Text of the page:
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Published: Wednesday, May 16, 2018 @ 12:13 PM
Ohio is overhauling the way Medicaid pays addiction treatment and mental health care and a state group says the new system could put some cash-strapped organizations out of business.
Ohio Medicaid has historically directly paid behavioral health providers, but starting July 1 the providers will negotiate with private companies like CareSource, which manage Medicaid plans on behalf of the state.
The new system will improve the quality of care while holding down costs, and is already leading to more efficiency, said Greg Moody, director of the Governor’s Office of Health Transformation.
But its been a bumpy transition so far as the state makes billing changes leading up to the July 1 transition, according to The Ohio Council of Behavioral Health Providers.
The changes come at a time when behavioral health providers are playing a critical role in responding to the opioid crisis, which contributed to a total 566 accidental overdoes deaths in Montgomery County last year.
The Ohio Council said its providers that depend on Medicaid are financially fragile and need more time to prepare for the new payment system, with many of the providers struggling with getting paid under the more complicated system with more rules to navigate to get approved for payment.
A new survey of Ohio Council member providers shows 56 percent have less than 60 days cash on hand with 37 percent having less than 30 days. Since the Jan. 1 changes, 59 percent of provider organizations reported dipping into their cash reserves, and about 35 percent of these providers had to draw down from a line of credit to support the changes, the same survey shows.
“While ultimately integration into managed care promises to be beneficial, that’s not true yet,” Lori Criss, CEO of the Ohio Council, said.
Payment delays and claim denials
One of the council’s concerns is that the Medicaid managed care companies will pay slower than when the providers directly dealt with the state, and those delays will harm providers, especially providers with tight budgets.
The state in January switched to new billing codes that the managed care insurers will be using, so instead of billing for all services under 17 codes they are now billing for 120 codes.
The Ohio Council said providers are not getting paid as quickly as they used to, as they struggle to submit claims under the more complex system.
Greg Moody, director of the Governor’s Office of Health Transformation, said the payments in the first quarter of 2018 were down 7 percent compared to the same time in 2017.
Moody said that some of the claims are being denied because the new system is better at catching inappropriate claims that the state shouldn’t be paying.
The states claims data also shows that by March, the number of rejected claims was down compared to January, which Moody said showed that providers were working through initial challenges and learning to bill under the new system.
Tom Otto, association CEO for TCN Behavioral Health Services, which has about 8,000 clients from Greene County and surrounding communities, said changes are bringing behavioral health care in line with other providers.
He said there had been some challenges earlier in the year with the billing changes, like learning to use the new system. He also said there are some limits to the new billing codes, like only getting reimbursed for the first hour of assessments when those typically run longer.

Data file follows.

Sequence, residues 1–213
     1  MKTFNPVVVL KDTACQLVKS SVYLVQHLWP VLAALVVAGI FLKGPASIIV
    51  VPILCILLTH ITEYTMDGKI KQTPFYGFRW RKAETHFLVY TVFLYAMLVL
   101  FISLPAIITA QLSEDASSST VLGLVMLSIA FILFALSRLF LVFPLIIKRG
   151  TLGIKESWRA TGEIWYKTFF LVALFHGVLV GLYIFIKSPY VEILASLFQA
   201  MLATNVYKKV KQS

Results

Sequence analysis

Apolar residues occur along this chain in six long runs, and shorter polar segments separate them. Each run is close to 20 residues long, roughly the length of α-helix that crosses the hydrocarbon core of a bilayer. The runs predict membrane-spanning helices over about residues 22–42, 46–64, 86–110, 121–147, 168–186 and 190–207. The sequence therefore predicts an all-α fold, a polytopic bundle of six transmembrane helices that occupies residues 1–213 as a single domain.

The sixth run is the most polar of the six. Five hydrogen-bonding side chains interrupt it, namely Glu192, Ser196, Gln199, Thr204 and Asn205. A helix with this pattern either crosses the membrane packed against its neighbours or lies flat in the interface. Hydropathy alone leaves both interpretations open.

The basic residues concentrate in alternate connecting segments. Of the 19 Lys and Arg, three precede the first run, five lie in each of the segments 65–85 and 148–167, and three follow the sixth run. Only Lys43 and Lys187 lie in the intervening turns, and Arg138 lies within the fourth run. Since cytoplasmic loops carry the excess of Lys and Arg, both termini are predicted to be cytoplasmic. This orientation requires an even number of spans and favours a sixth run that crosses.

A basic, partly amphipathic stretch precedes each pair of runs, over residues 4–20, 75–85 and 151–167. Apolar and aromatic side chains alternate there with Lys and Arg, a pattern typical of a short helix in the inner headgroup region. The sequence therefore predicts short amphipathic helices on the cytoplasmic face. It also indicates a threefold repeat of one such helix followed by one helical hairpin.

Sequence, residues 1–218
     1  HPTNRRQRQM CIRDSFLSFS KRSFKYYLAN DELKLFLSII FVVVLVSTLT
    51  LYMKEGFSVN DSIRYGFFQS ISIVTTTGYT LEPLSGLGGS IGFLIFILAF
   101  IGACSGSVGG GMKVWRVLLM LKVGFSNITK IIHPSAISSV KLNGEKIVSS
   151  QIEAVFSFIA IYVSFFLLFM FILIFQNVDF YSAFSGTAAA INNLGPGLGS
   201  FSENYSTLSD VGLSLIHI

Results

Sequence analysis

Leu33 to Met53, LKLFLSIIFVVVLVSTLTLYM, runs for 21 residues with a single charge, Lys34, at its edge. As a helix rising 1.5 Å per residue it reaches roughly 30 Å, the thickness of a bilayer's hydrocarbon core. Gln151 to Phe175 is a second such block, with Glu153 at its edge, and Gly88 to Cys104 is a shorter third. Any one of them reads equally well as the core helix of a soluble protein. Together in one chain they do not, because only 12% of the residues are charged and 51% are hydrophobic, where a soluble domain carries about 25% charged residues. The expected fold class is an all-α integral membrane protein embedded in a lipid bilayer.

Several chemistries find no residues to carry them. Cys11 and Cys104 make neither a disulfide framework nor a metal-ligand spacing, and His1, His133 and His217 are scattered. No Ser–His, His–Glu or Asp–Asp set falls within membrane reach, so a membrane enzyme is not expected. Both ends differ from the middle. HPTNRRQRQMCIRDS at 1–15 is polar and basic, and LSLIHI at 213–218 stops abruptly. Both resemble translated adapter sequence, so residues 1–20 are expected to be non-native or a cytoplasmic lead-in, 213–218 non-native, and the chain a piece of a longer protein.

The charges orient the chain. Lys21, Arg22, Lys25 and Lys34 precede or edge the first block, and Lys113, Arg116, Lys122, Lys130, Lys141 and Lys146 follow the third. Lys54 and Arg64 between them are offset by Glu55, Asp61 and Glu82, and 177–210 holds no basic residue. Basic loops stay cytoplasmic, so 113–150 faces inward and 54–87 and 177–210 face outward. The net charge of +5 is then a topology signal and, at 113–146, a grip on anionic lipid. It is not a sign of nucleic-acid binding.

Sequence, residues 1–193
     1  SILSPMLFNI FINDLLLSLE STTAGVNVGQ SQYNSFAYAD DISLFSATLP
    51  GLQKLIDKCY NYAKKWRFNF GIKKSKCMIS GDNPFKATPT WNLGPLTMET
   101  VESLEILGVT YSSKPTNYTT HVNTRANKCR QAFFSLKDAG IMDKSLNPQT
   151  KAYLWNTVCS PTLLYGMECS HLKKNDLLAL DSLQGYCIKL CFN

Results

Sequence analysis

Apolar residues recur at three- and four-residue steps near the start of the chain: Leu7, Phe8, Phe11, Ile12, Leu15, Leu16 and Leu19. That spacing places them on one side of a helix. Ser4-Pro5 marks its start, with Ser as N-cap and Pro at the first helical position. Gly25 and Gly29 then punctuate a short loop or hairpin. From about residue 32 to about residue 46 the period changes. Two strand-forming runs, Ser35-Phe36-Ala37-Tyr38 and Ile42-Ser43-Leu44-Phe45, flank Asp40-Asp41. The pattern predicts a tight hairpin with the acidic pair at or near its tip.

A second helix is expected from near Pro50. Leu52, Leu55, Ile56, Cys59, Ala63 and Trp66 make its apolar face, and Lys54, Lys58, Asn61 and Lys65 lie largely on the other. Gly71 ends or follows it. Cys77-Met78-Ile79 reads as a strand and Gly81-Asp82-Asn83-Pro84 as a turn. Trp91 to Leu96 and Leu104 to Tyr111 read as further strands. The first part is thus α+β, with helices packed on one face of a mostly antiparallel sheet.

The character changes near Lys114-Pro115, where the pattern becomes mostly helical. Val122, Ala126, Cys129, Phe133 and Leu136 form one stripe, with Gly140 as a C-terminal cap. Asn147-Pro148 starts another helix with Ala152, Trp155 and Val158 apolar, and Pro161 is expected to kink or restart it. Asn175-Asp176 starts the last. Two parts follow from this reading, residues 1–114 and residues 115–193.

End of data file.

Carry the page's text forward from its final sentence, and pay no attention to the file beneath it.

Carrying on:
But Otto said overall that he anticipates TCN will perform well under the payment model that managed care insurance companies use based on measurements of the value of care.
“I’m actually excited that we have an opportunity to prove our treatment is effective,” Otto said.
Moody said delays in getting paid reflects the provider learning curve with the new codes, but don’t reflect an inherent problem in the design of the new system.
“What really we need to do is provide technical assistance to help providers get their claims in,” Moody said.
In the old system, Ohio Medicaid also paid the same amount for services no matter who was providing the service. Moody said the billing codes now let the state see who is providing the services and pay more for people with higher skill sets, for example reimbursing doctors more than registered nurses.
“For some of the smaller providers, this is a big change. And we acknowledged that and have tried to support them through this,” Moody said.
Sue McGatha, president of Samaritan Behavioral Health, said it was an investment to prepare staff on how to document services under the changes and they are still learning to trouble shoot glitches in getting paid.
“It took us the better part of the year to actually do all of the set up work and training for all of our staff, working with our IT vendor and our electronic health record to make all the changes necessary to be able to bill for all the new codes,” McGatha said.
Separate from the redesign, the state budget for Medicaid for fiscal year 2018-2019 budget reduced the Medicaid budget below the amount needed to run the program.
Ohio Medicaid is also facing a budget shortfall, so to balance its budget, in April the department delayed payments to providers by one week.
That saved the state $66 million this fiscal year, pushing all payments a week back so that one of the weeks is now pushed into the next fiscal year. But this has meant providers are now a week behind on getting paid.
Ohio Medicaid is still going to be close to hitting its budget and might delay payments again in June, said Moody.